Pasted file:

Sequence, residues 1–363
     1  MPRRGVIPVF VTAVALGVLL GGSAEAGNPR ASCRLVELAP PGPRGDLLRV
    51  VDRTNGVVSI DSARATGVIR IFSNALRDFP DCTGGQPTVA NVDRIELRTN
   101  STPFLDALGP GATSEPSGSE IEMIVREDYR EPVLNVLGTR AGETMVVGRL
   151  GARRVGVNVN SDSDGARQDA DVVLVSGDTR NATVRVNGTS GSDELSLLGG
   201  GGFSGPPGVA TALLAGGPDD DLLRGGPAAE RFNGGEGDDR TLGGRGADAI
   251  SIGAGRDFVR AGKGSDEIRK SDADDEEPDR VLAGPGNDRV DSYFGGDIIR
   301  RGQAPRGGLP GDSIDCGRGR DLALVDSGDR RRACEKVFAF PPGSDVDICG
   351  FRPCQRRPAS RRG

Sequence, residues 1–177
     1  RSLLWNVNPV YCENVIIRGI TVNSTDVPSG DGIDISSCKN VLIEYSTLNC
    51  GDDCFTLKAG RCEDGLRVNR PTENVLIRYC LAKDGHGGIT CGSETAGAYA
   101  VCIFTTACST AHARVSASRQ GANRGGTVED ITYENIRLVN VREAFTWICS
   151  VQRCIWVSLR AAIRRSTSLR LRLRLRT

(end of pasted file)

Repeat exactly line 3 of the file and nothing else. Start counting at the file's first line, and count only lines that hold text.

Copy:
    51  VDRTNGVVSI DSARATGVIR IFSNALRDFP DCTGGQPTVA NVDRIELRTN